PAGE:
Rowland Ward Records of Big Game, 30th Edition

May 8th

2019

CategoryPosted in Sports Afield
The latest edition of Rowland Ward’s record book features several new world records, detailed maps, and fascinating photos of long-lost trophies.

Photo above: The Peter Rous kudu, one of the “long lost” trophies featured in the new record book.

The 30th edition of the Rowland Ward Records of Big Game (Africa) is in full production and will be available this fall. The Rowland Ward staff in Huntington Beach, California, spent two and a half years converting the database software to a new system and entering additional data from old scanned and paper archives. Additionally, the editors gained access to two significant old archives, one in the U.S. and the other in the United Kingdom, which yielded a great deal of the old Rowland Ward Ltd. paperwork from when the company was based in the heart of London, at 166 Piccadilly, prior to the 1970s.

The newly discovered archives included old albums, measurements, articles, photos, notes, and more. Some of this was collected by James Rowland Ward, the company founder. Many interesting photos and a great deal of data were unearthed, all of which will be featured in the new edition. In total, the Africa volume of Rowland Ward’s Records of Big Game now lists in excess of 40,000 records dating back to 1840.

Besides this work, the editors have received more than half a dozen new world records since the last edition (2014), including Damara dik-dik, common nyala, waterbuck, island sitatunga, mountain nyala, and southern impala, as well as the new No. 3 Nile buffalo. This is in addition to dozens of new top-10 records. Several new elephants were entered with tusks in excess of 130 pounds per side; while these were not shot in recent times, they had never before been recorded. Also newly recorded is a lesser kudu of more than 33 inches shot in Tanzania.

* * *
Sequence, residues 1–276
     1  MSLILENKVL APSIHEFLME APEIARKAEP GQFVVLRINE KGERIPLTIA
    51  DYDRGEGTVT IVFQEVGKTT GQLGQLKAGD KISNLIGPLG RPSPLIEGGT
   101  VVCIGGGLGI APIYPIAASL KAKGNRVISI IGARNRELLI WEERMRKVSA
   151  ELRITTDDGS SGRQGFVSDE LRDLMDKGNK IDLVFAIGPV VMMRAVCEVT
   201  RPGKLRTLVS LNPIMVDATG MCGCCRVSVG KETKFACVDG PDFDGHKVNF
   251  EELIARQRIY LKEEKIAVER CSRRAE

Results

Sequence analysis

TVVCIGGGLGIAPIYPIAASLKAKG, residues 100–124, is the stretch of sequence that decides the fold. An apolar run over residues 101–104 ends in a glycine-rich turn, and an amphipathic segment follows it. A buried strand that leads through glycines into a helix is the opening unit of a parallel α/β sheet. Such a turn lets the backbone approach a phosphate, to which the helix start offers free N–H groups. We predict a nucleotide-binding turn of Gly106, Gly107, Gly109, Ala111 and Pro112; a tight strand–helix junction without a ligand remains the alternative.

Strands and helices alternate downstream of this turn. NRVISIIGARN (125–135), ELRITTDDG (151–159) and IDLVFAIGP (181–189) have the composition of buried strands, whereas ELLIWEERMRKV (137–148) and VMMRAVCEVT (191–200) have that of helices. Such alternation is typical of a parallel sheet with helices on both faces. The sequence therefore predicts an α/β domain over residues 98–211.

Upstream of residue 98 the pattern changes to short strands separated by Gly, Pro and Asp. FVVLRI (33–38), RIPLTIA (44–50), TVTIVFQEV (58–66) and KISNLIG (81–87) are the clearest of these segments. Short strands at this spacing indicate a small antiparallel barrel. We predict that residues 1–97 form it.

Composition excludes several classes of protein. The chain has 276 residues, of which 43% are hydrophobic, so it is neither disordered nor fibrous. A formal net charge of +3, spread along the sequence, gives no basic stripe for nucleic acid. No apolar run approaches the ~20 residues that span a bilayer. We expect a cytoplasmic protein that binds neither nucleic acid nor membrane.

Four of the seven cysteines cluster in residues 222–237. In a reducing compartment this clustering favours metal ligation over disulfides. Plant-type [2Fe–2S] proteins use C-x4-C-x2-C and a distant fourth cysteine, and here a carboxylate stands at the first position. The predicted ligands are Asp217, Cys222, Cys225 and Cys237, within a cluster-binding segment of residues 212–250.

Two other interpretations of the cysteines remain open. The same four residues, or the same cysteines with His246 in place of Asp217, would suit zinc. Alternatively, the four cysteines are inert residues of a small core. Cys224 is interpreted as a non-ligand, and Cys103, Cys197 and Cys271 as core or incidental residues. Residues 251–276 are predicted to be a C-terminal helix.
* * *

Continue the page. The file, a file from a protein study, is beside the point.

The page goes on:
Of great interest is the recovery of several long-lost photos of very large heads from the past: four elephants over 150 pounds per side; a mountain nyala with 44-plus inch horns; and the much-debated James C. Rous kudu, which was shot in 1916 but amazingly photographed, with the hunter and the mounted head, after World War II.

The new edition will feature a new ranking method for the three larger buffalo varieties in Africa (Cape, Nile, and Central African) by adding together the sum of the two bosses and the spread. As before, the two smaller varieties of buffalo, dwarf forest and Western, will be ranked on horn length and boss measurements.
The editors take particular pride in the new maps featured in this edition. A total of about 100 were created; they feature current game distributions on the continent of Africa in great detail and full color.

The new edition will be issued in a limited edition of 150 leather-bound copies that are signed and numbered by the editors, as well as a linen-wax-impregnated cloth-bound edition. The leather edition will sell for $375 but can be preordered before August 1 for $350. The cloth-bound edition is $125 but can be preordered for $100 before August 1. Order yours from the Safari Press web site, safaripress.com.

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